Interview: Scott Thomas Outlar

Scott Thomas Outlar interviewed by Heath Brougher

Scott Thomas Outlar hosts the site 17Numa.wordpress.com where links to his published poetry, fiction, essays, interviews, and reviews can be found. He also serves as an editor for The Peregrine Muse. His work has been nominated for the Pushcart Prize and Best of the Net, and has appeared in over 270 venues in the United States and internationally. Scott has been a weekly contributor at the Dissident Voice Sunday Poetry Page for the past three years. His poetry has been translated into Albanian, Afrikaans, Persian, and Italian. His most recent books include: Songs of a Dissident (Transcendent Zero Press, 2015); Chaos Songs (Weasel Press, 2016); Happy Hour Hallelujah (CTU Publishing, 2016); and Poison in Paradise (Alien Buddha Press, 2017).


Heath Brougher: First of all, thank you for taking the time to do this interview. I know you are beyond busy these days. You recently published a new full length book of poetry Poison in Paradise with Alien Buddha Press. Could you tell us a little about the book and its various themes?

Scott Thomas Outlar: Thank you, Heath, for the opportunity to discuss my work here in Setu Magazine.

Scott Thomas Outlar
Poison in Paradise is essentially my attempt to take a fresh stab at the tried and true tale about falling from grace before ultimately rising again on a wave of spiritual absolution. To wit: taking the hit of worldly temptations, getting knocked to the ground, and standing back up to shake off the inherent suffering of life.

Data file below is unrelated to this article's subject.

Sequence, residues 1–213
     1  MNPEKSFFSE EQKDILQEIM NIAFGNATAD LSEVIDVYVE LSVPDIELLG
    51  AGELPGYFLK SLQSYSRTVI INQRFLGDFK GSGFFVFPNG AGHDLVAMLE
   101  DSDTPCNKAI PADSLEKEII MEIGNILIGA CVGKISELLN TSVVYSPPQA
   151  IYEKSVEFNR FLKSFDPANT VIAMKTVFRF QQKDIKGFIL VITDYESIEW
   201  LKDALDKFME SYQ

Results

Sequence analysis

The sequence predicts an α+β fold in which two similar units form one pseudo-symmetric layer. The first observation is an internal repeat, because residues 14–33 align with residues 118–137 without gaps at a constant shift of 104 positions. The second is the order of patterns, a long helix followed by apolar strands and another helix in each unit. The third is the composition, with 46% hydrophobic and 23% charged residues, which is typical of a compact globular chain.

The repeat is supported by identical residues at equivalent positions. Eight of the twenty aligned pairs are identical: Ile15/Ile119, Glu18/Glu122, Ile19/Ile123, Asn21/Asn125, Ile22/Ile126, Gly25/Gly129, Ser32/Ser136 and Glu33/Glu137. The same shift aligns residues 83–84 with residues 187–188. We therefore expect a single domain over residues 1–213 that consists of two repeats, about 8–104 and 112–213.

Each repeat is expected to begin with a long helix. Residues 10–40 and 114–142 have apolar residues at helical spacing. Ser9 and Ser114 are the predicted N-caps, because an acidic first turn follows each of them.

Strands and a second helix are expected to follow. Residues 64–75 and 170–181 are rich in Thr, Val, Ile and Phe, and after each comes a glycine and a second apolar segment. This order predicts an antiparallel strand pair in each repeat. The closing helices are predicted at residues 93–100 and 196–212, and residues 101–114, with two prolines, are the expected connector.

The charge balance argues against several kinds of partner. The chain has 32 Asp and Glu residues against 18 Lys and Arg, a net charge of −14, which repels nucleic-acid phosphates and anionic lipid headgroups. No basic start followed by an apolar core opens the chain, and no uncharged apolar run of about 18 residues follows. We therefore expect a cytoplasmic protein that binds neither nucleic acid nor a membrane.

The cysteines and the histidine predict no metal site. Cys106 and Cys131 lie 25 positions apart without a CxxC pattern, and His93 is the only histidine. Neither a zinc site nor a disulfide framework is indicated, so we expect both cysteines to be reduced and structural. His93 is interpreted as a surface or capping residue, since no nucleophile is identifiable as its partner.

Allusions to the garden of Eden are entwined throughout the poems in the first section of the book, along with material dealing with the angst and agony of this mortal experience. Part two seeks to raise its hands toward the sun so as to embrace the full force of God’s infinite light. The underlying message of the book is that by going inward into one’s own psyche to confront the shadow aspects of consciousness, there is a sense of abiding peace that can be obtained to help alleviate the sorrows of existence.

HB: You wear many hats. You are a poet, editor, book reviewer, essayist, columnist, international reader, and the host of the site 17Numa. Could you enlighten us (in a nutshell) just what can be found at 17Numa? 

STO: 17Numa was originally conceived as a website that could serve as a central hub for my work. In that vein, there are links available to all of my published poetry, fiction, essays, interviews, reviews, live performances, and books. I do my best to keep these pages updated regularly, while also writing new posts about what might be going on in my life at any given time.

The site has expanded over the years to now include resource pages as well, one of which has links to hundreds of literary magazines, journals, blogs, indie zines, newspapers, broadsides, and other various venues for anyone who might be seeking new publications where their work can be submitted. I also host a series called Showcase Spotlight that features interviews with other contemporary writers and artists.

HB: You are one of the most prolific submitters in the entire literary world. How are you able to maintain this seemingly impossible task while juggling so many other responsibilities?